Link Between Stabbing Headaches and Autoimmune Diseases

An Interesting Link That Need More Research

Is Your Stabbing Headache a Sign of an Autoimmune Condition?. Terry Vine/Getty Images

Do you suffer from stabbing head pains, often compared to an ice-pick sensation? Do you also have an autoimmune disease? There may be a connection between the two. Let's examine this phenomenon more closely.

What is a Primary Stabbing Headache?

Primary stabbing headache is a rare, chronic headache disorder. Symptoms of primary stabbing headache include:

  • A single stab or series of stabbing pains in the head (like "ice-pick pains" or "jabs and jolts")
  • Short acting, typically lasting 3 seconds or less
  • Stabs appear in an irregular manner, occurring once to few times a day
  • More commonly experienced by migraineurs

Remember, primary stabbing headache is a primary headache disorder, meaning the stabbing head pains cannot be caused by an underlying medical condition.

Is There a Link Between Primary Stabbing Headache and Autoimmune Conditions?

One study found an association between stabbing headache and various autoimmune conditions like:

The mechanism between how these conditions possibly trigger stabbing headaches is unclear. The authors hypothesize that inflammation of the central nervous system is responsible.

One case study ( a report of an individual patient) found an association between primary stabbing headache and multiple sclerosis.

In this study, a young female developed episodes of stabbing headaches, up to 100 times a day. During one episode, the stabbing head pains were associated with numbness and tingling  of her right arm. Her headaches and neurological symptoms resolved with steroids, which is used to treat relapses in multiple sclerosis.

Bottom Line

Remember, an association does not imply causation. Just because you have stabbing headaches does not mean you also have an autoimmune condition and vice versa. This is simply an interesting link and warrants more research to better understand the "why" behind it.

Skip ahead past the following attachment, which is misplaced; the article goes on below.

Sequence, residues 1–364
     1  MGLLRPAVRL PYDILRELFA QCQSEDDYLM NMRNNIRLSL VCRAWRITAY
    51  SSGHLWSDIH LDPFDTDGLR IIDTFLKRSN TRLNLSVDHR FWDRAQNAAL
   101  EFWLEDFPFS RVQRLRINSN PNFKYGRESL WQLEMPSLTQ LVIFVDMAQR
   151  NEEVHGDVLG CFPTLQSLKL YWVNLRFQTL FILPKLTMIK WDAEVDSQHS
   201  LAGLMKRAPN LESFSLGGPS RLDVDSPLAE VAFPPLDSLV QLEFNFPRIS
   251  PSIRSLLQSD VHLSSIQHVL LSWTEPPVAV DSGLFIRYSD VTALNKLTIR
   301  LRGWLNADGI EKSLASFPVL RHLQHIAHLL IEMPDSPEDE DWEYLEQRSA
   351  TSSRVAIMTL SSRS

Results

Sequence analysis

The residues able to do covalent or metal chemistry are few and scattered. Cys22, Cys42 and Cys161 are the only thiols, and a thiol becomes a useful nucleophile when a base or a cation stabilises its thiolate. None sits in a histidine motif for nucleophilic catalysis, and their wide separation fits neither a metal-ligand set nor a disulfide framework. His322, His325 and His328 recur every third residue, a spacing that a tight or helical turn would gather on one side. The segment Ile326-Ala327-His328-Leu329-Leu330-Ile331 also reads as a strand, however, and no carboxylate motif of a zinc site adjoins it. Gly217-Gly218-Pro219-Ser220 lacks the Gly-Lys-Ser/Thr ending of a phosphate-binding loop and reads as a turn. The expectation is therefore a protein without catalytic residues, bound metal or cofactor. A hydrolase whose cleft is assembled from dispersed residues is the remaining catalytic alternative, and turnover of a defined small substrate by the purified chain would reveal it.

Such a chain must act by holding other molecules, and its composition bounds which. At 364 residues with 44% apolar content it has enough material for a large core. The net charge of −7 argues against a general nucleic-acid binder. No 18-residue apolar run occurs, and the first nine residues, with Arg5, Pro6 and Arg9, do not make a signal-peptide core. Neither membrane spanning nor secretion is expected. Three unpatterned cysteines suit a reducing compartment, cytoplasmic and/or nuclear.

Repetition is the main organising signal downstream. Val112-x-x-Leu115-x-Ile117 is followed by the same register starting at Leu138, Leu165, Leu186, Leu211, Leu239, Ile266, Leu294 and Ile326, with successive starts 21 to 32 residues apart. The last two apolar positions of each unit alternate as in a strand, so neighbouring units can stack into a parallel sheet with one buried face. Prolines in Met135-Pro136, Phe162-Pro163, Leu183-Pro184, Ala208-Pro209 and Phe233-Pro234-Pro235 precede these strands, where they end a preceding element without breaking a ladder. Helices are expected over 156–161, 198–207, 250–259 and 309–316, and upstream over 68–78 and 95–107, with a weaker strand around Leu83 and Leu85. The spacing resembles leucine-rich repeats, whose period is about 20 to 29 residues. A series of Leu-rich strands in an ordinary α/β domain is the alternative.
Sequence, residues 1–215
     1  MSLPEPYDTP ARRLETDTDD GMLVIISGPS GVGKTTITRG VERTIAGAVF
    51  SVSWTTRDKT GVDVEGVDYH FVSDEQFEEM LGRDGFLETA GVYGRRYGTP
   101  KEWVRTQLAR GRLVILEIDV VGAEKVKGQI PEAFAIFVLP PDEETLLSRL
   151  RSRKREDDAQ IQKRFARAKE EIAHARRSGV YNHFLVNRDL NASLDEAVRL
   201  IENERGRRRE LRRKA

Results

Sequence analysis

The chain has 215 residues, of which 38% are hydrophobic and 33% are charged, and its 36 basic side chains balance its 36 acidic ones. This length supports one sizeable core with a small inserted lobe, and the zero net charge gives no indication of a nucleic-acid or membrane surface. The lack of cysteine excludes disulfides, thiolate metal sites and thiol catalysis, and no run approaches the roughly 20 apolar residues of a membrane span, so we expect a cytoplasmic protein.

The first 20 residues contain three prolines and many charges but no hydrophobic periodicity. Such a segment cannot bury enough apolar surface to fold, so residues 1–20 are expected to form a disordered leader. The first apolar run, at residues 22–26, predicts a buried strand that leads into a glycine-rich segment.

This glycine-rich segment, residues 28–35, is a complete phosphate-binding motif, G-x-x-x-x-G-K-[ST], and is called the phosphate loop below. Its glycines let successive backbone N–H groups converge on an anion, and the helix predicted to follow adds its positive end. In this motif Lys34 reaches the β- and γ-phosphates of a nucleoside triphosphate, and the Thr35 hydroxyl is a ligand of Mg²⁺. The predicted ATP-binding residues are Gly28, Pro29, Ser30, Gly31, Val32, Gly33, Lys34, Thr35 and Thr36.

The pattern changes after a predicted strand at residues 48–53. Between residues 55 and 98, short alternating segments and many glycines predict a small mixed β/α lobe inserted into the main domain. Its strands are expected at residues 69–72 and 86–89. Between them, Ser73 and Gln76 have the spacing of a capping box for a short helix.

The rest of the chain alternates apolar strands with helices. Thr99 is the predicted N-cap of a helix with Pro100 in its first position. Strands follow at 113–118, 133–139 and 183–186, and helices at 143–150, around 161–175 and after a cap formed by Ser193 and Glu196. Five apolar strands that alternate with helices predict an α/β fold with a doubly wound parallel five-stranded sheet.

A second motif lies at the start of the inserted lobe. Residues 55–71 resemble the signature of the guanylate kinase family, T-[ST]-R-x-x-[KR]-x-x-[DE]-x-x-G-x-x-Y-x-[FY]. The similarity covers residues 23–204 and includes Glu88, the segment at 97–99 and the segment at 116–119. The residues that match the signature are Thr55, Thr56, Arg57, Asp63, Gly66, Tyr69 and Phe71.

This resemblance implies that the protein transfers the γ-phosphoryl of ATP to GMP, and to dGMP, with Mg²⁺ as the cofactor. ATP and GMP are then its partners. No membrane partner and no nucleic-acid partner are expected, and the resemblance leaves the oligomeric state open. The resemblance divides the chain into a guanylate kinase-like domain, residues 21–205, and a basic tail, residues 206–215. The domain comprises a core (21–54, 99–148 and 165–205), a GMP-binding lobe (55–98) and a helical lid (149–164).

That being said, this connection may also alter how your doctor treats your stabbing headaches. For instance, he may consider steroids to calm down your stabbing head pain, if you also have an autoimmune condition.

As always, speak with your doctor if you have any medical concerns in order to create a proper diagnosis and treatment plan.


Applebee, A. (2012). The clinical overlap of multiple sclerosis and headache. Headache, Oct;52 Suppl 2:111-6.

Fuh, J.L., Kuo, K.H, (2007). Wang SJ. Primary stabbing headache in a headache clinic. Cephalalgia, Sep;27(9):1005-9.

Headache Classification Committee of the International Headache Society. (2013). "The International Classification of Headache Disorders: 3rd Edition (beta version)". Cephalalgia, 33(9):629-808.

Klein, M., Woehr,l B, Zeller, G., & Straube, A. (2013). Stabbing Headache as a Sign of Relapses in Multiple Sclerosis. Headache, Jun;53(7):1159-61.

Rampello, L., Malaguarnera, M., Rampello, L., Nicoletti, G., & Battaglia, G. (2012). Stabbing headache in patients with autoimmune disorders. Clinical Neurology and Neurosurgery.2012 Jul;114(6):751-3.

DISCLAIMER: The information in this site is for educational purposes only. It should not be used as a substitute for personal care by a licensed physician. Please see your doctor for diagnosis and treatment of any concerning symptoms or medical condition.

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